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Why is it so hard to find a babysitter?

Why it's so difficult finding someone to watch kids come date night.

Babysitter or bust: Parents share their struggles in securing someone to watch their kids. (Image: Getty; illustration by Liliana Penagos for Yahoo)
Babysitter or bust: Parents share their struggles in securing someone to watch their kids. (Image: Getty; illustration by Liliana Penagos for Yahoo)

It’s Friday night, and you are ready to get away from your sweet little angel kids for just a few hours — to grab a drink, reconnect with your partner, head out with some friends or simply meander around a store alone for a few minutes of peace. But, if you are like many U.S. families, you are running into a major hiccup. It’s just not that easy to find a sitter who is available, reliable, engaged and attentive.

As parents continue to struggle with daycare staffing shortages and lengthy wait lists, the desperation to secure babysitters for evenings, weekends and supplemental support is also dominating mommy message boards and group chats. Challenges range from sitter availability to personality mismatches, to increasing rates and decreased loyalty.

"We've had a few teen sitters over the years who ended up being a pain to schedule, unreliable or too quiet and reserved for my chatty, outgoing kids," says Carol Heffernan, a mom of two in Oshkosh, Wis.

According to Natalie Mayslich, president of the child care resource hub Care.com, the search for a go-to sitter has "definitely gotten much, much harder in the last few years."

"The caregiving workforce is shrinking and rates are rising, which makes looking for a sitter an extremely stressful, competitive and time-consuming process,” she adds. She adds that the problem is so rampant that Care.com data shows that 89% of surveyed parents have had to cancel or decline plans within the last six months. It's an issue that especially impacts moms, with just 48% saying that they are regularly able to get away from their kids for a break.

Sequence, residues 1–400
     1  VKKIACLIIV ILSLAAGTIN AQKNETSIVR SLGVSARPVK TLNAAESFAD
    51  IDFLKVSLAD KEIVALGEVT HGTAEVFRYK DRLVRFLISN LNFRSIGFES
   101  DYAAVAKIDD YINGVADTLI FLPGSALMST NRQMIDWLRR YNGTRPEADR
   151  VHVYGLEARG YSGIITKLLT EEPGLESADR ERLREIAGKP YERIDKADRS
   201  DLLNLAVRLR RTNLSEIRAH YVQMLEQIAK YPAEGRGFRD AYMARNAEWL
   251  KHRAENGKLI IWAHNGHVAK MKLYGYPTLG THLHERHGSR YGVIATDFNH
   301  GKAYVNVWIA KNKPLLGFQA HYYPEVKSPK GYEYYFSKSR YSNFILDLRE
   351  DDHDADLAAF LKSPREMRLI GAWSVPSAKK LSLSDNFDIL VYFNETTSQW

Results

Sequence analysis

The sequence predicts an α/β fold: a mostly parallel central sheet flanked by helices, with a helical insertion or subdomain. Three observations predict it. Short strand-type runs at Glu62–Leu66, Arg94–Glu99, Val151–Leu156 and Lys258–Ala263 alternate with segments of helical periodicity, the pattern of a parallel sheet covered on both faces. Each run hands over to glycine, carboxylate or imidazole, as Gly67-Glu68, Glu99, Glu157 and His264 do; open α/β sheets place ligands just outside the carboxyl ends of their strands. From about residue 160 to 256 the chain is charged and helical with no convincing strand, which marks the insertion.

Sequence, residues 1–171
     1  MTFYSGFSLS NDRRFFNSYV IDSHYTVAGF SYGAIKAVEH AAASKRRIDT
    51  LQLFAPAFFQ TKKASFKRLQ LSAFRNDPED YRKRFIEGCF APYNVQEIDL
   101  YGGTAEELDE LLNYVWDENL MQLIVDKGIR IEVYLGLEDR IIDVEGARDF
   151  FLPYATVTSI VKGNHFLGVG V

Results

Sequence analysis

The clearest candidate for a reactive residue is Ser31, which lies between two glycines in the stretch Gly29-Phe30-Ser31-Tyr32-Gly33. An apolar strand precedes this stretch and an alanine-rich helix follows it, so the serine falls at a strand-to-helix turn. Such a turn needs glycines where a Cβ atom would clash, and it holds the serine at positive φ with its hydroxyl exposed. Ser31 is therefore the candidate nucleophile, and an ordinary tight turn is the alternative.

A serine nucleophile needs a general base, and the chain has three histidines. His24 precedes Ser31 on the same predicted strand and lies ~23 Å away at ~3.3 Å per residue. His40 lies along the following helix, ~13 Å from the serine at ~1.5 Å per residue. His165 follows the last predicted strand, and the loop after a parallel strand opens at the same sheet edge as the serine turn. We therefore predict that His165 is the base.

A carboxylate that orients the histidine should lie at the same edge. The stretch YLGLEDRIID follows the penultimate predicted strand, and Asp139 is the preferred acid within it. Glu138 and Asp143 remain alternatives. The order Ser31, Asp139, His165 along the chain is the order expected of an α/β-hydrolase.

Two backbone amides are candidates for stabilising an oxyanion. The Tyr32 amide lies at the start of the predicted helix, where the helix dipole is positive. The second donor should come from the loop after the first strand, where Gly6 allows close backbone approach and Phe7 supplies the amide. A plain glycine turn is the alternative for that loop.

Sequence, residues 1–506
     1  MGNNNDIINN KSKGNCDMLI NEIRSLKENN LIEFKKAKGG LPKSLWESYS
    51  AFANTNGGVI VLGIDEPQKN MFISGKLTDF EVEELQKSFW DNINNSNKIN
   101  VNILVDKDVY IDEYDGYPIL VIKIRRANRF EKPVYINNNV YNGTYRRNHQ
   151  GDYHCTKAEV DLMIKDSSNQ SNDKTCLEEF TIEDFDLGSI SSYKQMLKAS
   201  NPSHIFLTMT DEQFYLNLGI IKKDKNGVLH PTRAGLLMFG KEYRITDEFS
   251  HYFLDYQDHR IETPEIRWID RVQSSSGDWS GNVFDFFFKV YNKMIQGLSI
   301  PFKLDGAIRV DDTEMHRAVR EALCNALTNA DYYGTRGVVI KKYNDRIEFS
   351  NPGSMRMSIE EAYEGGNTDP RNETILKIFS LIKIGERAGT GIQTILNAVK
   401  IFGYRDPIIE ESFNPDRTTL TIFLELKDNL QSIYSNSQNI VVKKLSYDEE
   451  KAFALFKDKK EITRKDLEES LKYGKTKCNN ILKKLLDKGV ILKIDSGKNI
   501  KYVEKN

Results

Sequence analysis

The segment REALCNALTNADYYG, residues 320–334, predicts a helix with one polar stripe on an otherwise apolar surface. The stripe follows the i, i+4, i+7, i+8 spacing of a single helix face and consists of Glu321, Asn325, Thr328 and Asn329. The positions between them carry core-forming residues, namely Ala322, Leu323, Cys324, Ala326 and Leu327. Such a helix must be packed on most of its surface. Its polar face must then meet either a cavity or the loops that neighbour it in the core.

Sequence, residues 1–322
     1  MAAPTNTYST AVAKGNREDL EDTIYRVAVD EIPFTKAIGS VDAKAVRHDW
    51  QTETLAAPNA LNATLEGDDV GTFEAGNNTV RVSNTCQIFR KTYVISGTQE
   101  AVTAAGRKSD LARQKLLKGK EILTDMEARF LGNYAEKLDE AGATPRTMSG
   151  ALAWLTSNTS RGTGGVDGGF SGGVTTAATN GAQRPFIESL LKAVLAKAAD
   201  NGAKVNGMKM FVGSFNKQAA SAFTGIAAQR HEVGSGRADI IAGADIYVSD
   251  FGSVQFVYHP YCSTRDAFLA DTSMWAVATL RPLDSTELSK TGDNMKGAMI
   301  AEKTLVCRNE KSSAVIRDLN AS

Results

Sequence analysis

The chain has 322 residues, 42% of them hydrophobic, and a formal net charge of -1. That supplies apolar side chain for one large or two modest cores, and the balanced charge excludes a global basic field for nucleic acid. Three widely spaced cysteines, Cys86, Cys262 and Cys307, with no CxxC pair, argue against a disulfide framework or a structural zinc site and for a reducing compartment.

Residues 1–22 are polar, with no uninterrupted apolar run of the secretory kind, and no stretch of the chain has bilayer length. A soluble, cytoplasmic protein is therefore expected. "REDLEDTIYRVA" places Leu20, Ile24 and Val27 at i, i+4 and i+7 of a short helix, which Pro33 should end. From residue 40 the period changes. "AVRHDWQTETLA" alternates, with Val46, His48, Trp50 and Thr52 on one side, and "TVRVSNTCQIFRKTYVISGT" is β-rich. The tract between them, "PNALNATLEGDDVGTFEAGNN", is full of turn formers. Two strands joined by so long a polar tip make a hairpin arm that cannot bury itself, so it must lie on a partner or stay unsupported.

Other factors are also at play. Here's what parents are dealing with, and what experts recommend doing.

Teens and young adults’ own lives are busy and unpredictable.

Families have long leaned on teens or college-aged kids for supervising their kids in exchange for a decent hourly wage, pizza and maybe even some post-bedtime TV time. But teens today are spending less time working for pay and socializing, and more time sleeping and doing homework, according to data trends from Pew Research on 15-17-year-olds in 2014-2017 compared to 2004-2006. The Bureau of Labor Statistics’s American Time Use Survey found that in 2021, teens spent around three hours per day on educational activities and almost six hours on leisure and sports, compared to just over an hour working. In the inevitable crunch to prove themselves worthy of top colleges through extensive involvement in extracurriculars, high-level courses and leadership engagements, sometimes babysitting falls to the back burner. Those busy schedules can also make it tricky to accommodate a family's babysitting needs, as mom of two Ramsey Hootman discovered.

“We had one friend with an older kid we hired when he hit his teen years," the San Francisco Bay Area-based mom shares. "But then it was really hard to find a time where he was available, because teens have so many activities and responsibilities."

Finding the right fit takes time.